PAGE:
Power politics of energy woes
The White House and Congress are considering radical ideas to stave off an energy crunch - and the voters' wrath.
Here's an idea: If Los Angeles runs short of electricity this summer, let's hook the USS Enterprise's nuclear reactor to the city's power grid, and let the Navy light up the City of Angels.
Sound far-fetched? Maybe. But the simple fact that members of Congress are floating such ideas shows the political power of the power issue.
It's a national sensitivity that the Bush administration surely has in the back of its mind as it crafts what officials are billing as a comprehensive approach to America's energy woes. It's likely that any package will have to address not just long-term needs, but short-term crises that could quickly undermine any chief executive's popularity.
Just ask Jimmy Carter. Gasoline lines were one reason the American people decided he didn't need to remain in the White House as long as the Constitution allows.
"Americans are a very practical people," says Karlyn Bowman, a public-opinion specialist at the American Enterprise Institute here. "They want a government that works." In the 1970s, many thought President Carter's government wasn't working - and blamed him for the triple punch of energy troubles, inflation, and high unemployment. The oil crisis, Ms. Bowman says, "was the beginning of deep public concern that he was incompetent at home and impotent abroad."
The first test of whether voters still hold politicians accountable for energy problems is now under way in California. So far, Gov. Gray Davis (D) has mostly avoided citizens' wrath over blackouts. But his political foes see the state's energy crisis as a golden opportunity. This week the utility commission approved electricity rate hikes of up to 46 percent. Perhaps coincidentally, Republican Secretary of State Bill Jones also announced he'll challenge the suddenly more-vulnerable Mr. Davis.
In New York, Gov. George Pataki (R) is rushing to quiet the rumblings of energy worries. The New York Power Authority is hustling to install 11 small generators in and around New York City before summer's electricity-guzzling season begins. Already, one Democratic opponent accuses him of bungling deregulation, and environmental groups are suing over the fact that the new generators will bypass air-quality regulations.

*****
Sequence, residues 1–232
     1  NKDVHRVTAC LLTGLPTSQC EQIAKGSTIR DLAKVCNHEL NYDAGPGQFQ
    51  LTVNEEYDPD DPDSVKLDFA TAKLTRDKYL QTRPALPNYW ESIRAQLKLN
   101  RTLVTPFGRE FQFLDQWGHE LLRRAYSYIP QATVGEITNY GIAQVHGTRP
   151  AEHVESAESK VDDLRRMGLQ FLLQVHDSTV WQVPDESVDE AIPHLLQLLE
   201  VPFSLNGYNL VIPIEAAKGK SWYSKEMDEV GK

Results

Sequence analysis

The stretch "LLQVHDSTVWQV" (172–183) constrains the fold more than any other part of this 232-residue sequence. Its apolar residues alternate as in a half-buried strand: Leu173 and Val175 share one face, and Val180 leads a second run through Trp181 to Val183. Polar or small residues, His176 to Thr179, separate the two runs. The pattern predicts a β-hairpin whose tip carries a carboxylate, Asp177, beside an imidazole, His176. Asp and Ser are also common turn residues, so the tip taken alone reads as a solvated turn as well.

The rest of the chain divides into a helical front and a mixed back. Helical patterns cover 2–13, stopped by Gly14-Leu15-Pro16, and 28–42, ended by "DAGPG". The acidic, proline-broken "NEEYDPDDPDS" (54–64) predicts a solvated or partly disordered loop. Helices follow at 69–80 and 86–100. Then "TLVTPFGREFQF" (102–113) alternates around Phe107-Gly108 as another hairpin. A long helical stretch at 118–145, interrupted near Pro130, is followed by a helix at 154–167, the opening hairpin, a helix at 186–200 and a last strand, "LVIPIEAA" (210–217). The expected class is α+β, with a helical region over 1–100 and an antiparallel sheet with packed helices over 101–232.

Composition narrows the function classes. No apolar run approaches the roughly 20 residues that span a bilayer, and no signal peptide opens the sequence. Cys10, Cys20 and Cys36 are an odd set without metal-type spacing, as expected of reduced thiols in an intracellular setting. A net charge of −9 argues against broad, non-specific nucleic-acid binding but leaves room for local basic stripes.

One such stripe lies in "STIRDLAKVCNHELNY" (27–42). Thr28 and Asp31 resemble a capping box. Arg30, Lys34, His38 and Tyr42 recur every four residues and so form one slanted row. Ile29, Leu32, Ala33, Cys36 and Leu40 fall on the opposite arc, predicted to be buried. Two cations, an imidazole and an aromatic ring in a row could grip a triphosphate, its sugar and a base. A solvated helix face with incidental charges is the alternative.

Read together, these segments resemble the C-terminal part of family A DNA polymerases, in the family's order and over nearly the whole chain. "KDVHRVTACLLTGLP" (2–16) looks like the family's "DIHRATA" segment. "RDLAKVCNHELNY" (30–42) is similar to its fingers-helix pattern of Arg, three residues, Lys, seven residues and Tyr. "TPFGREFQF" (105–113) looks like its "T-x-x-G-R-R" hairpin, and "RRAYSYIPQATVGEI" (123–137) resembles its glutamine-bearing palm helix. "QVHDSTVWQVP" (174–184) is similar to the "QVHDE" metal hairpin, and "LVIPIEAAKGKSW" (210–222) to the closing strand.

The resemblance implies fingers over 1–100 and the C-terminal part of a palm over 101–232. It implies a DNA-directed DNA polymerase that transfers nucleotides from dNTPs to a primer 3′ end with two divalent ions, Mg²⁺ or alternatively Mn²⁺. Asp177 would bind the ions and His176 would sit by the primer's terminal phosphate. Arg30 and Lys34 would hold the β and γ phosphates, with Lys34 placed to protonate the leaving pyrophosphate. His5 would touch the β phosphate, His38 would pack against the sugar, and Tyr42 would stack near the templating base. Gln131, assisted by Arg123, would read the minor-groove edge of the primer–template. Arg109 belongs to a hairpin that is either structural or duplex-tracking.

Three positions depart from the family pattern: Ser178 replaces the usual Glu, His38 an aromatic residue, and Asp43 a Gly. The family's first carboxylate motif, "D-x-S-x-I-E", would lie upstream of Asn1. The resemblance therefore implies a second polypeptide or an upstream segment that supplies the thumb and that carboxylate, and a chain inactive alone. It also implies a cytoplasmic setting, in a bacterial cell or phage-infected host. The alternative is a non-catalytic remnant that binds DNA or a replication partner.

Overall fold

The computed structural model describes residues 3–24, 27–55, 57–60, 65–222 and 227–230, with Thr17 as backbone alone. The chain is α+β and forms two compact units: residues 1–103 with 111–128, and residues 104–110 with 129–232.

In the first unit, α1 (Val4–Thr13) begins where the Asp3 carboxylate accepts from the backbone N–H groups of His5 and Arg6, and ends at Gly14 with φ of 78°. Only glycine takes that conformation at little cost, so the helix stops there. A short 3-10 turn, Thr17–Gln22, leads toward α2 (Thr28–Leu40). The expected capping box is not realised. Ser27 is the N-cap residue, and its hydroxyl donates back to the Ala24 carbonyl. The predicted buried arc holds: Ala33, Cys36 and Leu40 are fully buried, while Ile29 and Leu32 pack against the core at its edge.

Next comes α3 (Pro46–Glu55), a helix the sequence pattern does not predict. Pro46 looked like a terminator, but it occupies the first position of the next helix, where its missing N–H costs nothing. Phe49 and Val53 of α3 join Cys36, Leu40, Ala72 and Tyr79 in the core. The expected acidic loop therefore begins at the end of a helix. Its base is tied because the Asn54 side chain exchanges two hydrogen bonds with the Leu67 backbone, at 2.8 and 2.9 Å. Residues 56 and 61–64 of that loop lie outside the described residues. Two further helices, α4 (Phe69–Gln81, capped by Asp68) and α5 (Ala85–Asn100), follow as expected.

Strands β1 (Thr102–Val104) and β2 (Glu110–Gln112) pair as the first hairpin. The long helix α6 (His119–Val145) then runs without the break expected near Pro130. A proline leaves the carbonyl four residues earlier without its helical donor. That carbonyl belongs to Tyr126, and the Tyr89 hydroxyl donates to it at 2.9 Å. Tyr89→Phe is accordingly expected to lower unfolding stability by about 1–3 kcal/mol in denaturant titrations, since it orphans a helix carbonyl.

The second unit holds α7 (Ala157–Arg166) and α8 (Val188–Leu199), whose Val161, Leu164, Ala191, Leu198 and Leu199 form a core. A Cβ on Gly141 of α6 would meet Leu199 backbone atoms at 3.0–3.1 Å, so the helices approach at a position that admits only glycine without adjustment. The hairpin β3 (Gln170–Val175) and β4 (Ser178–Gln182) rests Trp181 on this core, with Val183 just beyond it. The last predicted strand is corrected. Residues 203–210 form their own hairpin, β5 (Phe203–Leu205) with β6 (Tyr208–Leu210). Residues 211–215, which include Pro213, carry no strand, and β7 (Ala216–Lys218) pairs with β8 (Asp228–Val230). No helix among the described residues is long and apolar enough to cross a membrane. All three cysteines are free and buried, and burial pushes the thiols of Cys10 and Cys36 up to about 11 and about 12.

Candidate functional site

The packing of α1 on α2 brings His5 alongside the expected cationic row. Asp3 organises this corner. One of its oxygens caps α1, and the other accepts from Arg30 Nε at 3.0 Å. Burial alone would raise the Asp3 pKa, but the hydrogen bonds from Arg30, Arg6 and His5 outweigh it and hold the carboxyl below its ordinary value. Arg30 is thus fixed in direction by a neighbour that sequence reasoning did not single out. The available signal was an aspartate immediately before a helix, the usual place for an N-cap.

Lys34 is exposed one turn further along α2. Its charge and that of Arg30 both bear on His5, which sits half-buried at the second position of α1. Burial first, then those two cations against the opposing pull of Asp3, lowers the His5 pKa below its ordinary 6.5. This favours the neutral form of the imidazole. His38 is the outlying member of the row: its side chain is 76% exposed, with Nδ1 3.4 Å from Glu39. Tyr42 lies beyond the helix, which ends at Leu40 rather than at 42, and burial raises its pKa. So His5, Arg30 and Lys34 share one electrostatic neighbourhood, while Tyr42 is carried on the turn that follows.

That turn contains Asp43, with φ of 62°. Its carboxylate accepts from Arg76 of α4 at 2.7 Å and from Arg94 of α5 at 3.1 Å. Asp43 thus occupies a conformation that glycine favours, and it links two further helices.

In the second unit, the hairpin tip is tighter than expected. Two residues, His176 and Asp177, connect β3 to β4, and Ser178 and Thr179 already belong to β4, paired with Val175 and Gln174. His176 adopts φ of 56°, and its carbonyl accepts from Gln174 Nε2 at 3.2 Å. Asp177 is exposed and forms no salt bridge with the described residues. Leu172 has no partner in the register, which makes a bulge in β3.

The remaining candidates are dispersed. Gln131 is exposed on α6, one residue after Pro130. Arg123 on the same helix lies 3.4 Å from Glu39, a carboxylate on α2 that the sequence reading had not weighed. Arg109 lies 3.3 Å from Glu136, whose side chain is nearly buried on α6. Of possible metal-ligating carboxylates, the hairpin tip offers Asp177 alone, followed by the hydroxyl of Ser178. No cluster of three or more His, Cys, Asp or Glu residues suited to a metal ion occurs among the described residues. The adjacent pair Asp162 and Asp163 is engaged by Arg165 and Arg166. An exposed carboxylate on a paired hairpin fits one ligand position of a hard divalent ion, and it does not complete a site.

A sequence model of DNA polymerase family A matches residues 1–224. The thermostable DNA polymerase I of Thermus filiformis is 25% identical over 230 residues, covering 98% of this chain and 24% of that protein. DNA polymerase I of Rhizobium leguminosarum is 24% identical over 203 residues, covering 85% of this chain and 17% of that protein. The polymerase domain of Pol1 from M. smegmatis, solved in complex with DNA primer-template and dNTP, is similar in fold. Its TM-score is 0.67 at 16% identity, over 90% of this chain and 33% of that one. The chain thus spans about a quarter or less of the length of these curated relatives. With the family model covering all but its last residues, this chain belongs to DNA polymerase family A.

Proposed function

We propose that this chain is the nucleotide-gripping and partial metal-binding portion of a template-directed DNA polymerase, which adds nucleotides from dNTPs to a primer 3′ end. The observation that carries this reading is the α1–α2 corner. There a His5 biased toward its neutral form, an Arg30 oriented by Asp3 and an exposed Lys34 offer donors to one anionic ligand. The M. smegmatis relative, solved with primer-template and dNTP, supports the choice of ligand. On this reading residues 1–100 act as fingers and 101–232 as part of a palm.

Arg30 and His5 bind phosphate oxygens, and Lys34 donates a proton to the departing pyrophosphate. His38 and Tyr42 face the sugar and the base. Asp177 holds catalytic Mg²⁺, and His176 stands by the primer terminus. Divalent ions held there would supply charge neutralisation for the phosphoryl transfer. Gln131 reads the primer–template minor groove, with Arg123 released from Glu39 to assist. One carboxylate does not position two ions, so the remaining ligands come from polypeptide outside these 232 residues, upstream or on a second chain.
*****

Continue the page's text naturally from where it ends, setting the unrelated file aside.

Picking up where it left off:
Knowing that chief executives often take the blame for energy shortages, the White House has worked hard to stay far from West Coast troubles. "California created the environment where this problem matured," says White House Chief of Staff Andy Card.
If the crisis becomes a national one, though, his team knows they've got to respond. Even so, Mr. Card expresses a note of caution: "If you have short-term solutions that make the problem worse, don't do it."
That means, among other things, no price caps. Putting a ceiling on prices would further skew the market, many Republicans argue.
But others counter that California's market isn't functioning properly, so price hikes alone won't fix it. They add that Bush hasn't used the bully pulpit to encourage conservation, which may be the easiest short-term solution.
Yesterday Bush continued to press for exploration rather than conservation. "I will not accept a plan that will hurt our economy," he said in a press conference. "I'm interested in getting more energy supply so that businesses can grow and people can heat their homes."
Among the options considered by the Bush energy policy team - headed by Vice President Dick Cheney - are some from Rep. Joe Barton (R) of Texas. They include the naval ship nuclear-reactor plan. Other short-term ideas are:
* Firing up emergency generators at military bases and other federal facilities to lessen their strain on the power grid. Such generators, however, contribute to smog.
* Encouraging malls, factories, and other power hogs to install their own mini-power plants - fuel cells or microturbines. This reduces their consumption from the grid during peak times. The government could quickly set up standards to jumpstart such "distributed generation."
* Pressuring the Federal Energy Regulatory Commission to require Western power sellers to refund any "unjust and unreasonable" profits. Businesses oppose this idea, while consumer groups champion it.
* Ordering the Environmental Protection Agency to ease limits on smog pollutants - a contentious idea that environmentalists oppose.
* Allowing the restart of mothballed nuclear-power plants - also a controversial idea.
Whatever the package, it's got to come fast if it's going to make much difference, says Samantha Jordan, a spokeswoman for Representative Barton. "If there's going to be anything, it would have to be pretty much now or in the next few weeks."
Mr. Cheney is expected to unveil his plan in April.
(c) Copyright 2001. The Christian Science Monitor